Committee Chair Marc Berman criticized the bill as attacking a fundamental right, that is, voting. He said voters shouldn’t be forced to vote where they no longer live.

Vice Chair Matthew Harper noted that the City of Coalinga has benefited from its annexation of the state hospital for more than 10 years and questioned the motives of the City’s decision to challenge election results after the City failed at its attempt to increase the City’s sales tax.
Committee member Ian Calderon, whose district includes a large state hospital, noted that the Coalinga patients would be”directly affected” by a sales tax increase because they purchase food, clothing and electronics at the state hospital.

Committee member Dr.Shirley Weber stated that people should have the right to vote where they choose to vote. She criticized the City for its attempt to gerrymander votes due to the outcome of one election.

In addition to the committee members, a total of 12 people spoke in opposition to the bill. This total includes registrants, family members and representatives of the ACLU, CA Public Defenders Association, Disability Rights California and the Alliance for Constitutional Sex Offense Laws.

“Today’s victory is due, in large part, to the efforts of registrants and family members who wrote letters and testified in opposition to a bill that would have disenfranchised hundreds of California voters,” stated Bellucci. “We thank them for their significant contributions.”

Sunday, May 13, 2018

Jim DeFede of CBS Miami's "Facing South Florida" completely DESTROYS Ron Book on the air

Want to watch 20 minutes of Ron Book get completely OWNED on TV and struggle to keep up with his lies? Well, today's your lucky day. Jim DeFede takes Ron Book to task over Ron's claims of the efficacy of residency restriction laws, Ron Book's bogus claims of "plenty of housing in Miami," and even Ron Book's denial of referring to everyone on the list as predators and monsters.

To top it off, Ron Book's intent is becoming crystal clear.

Friday, May 11, 2018

Registered citizen Kicked Out of Meeting Sues Stafford County VA School Board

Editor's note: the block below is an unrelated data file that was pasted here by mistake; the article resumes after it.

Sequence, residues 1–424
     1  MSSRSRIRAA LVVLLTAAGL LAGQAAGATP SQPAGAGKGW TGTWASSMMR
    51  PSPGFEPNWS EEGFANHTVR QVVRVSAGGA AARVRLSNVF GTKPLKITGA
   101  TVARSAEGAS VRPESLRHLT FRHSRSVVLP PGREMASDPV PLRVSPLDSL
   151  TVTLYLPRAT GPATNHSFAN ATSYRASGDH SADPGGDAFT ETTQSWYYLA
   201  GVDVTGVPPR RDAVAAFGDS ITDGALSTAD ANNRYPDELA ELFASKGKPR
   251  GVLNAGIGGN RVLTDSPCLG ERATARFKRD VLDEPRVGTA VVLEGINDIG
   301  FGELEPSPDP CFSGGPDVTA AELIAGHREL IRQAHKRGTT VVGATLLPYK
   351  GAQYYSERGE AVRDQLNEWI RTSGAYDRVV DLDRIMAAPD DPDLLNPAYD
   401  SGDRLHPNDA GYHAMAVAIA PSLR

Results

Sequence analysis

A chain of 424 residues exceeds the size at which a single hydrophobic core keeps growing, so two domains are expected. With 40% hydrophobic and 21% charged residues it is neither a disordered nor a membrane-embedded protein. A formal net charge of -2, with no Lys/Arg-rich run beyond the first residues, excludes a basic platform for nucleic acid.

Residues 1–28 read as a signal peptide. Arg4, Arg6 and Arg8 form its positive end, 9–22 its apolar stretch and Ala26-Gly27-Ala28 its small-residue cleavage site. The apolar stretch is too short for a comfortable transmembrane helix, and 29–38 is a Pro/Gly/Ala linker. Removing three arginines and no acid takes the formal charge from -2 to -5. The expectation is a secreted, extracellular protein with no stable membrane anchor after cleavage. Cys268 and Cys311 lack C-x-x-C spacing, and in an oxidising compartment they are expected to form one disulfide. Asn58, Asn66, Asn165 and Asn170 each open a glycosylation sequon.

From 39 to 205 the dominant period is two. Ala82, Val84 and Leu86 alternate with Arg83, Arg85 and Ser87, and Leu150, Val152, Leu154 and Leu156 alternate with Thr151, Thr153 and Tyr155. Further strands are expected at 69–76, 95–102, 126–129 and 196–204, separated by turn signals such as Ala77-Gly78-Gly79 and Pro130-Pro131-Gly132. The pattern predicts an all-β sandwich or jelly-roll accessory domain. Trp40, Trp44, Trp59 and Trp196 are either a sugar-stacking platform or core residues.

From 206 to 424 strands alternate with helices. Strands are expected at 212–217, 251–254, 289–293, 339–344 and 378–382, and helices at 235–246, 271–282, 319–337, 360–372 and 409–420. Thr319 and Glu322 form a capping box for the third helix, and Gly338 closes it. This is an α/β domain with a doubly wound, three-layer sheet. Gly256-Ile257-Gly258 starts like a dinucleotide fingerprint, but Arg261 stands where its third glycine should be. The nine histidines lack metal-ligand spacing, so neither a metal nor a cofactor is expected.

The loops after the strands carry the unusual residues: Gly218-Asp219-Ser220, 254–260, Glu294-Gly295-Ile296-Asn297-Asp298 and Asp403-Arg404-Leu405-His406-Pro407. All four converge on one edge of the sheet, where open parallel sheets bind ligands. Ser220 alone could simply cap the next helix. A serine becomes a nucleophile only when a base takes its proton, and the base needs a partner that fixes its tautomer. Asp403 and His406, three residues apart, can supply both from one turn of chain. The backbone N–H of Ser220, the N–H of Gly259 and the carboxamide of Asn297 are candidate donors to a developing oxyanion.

Sue the bastards!

Sex Offender Kicked Out of Meeting Sues Stafford County School Board
By Julie Carey
Published at 6:45 PM EDT on May 10, 2018

A registered sex offender has filed a lawsuit against the school board and a deputy in Stafford, County, Virginia, claiming his First Amendment rights were violated when he was kicked out of a meeting.

Melvin Allen was convicted in 2004 of attempting to take indecent liberties with children in an online chat room. He served 30 days in jail. As a registered sex offender, Allen is prohibited from being on a school campus.

In 2016, a school in Stafford County asked Allen to pick up his sick grandson from school. A deputy issued a no trespass order soon after and reminded Allen he was barred from school property.

A short time after that incident, Allen attended a school board meeting. Allen, a member of the local NAACP chapter, wanted to speak out at the meeting about a student disciplinary issue. A deputy at the meeting confronted Allen and kicked him out of the meeting.

Allen was criminally charged with trespassing and violating the statute that bars sex offender from school grounds.

"That's an incorrect reading of the statute. The statute prohibits him from being on a school campus," said Maxwelle Sokol, Allen's attorney.

The charges were later dropped.

Allen's lawsuit argues his civil rights were violated.

"You have a registered sex offender who has totally changed his life around... for him to have his freedom of speech chilled that's a big deal," Sokol said.

Allen and his attorneys underscored his NAACP membership, but the organization's leaders in Stafford stressed that they are not involved in the case.

Allen has since been allowed to attend school board meetings.

A spokesperson for the school system said they could not comment on legal matters.

Thursday, May 10, 2018

After 11 years of this, the courts need to drop the hammer on Lauren's law.

Legal Services Moves to Block Miami-Dade's Tent City Ordinance
Legal Services of Greater Miami (LSGM) is seeking to enjoin Miami-Dade from enforcing an ordinance, scheduled to go into effect Thursday, that would force the homeless sex offenders out of their dwellings. The recently enacted ordinance prohibits overnight camping on county property.
By Michael Booth | May 08, 2018 at 05:38 PM

A lawsuit against Miami-Dade County seeks to block officials from closing what paroled sex offenders claim is one of the few places where they are allowed to live.

Legal Services of Greater Miami (LSGM) is seeking to enjoin Miami-Dade from enforcing an ordinance, scheduled to go into effect Thursday, that would force the homeless sex offenders out of their dwellings. The recently enacted ordinance prohibits overnight camping on county property.

The encampment, comprising about 200 individuals, is located in the northeast section of the county, near Hialeah, in an industrial zone.

Miami-Dade officials had intended to close down the encampment last Sunday, but agreed to the temporary delay after LSGM and the American Civil Liberties Union announced their intention to file a lawsuit blocking the move.

“The county wants to banish them to the edge of the Everglades,” said LSGM Senior Staff Attorney Jeffrey Hearne in the complaint. “Plaintiffs live in the encampment because they have not been able to find anywhere else to live and are involuntarily homeless.”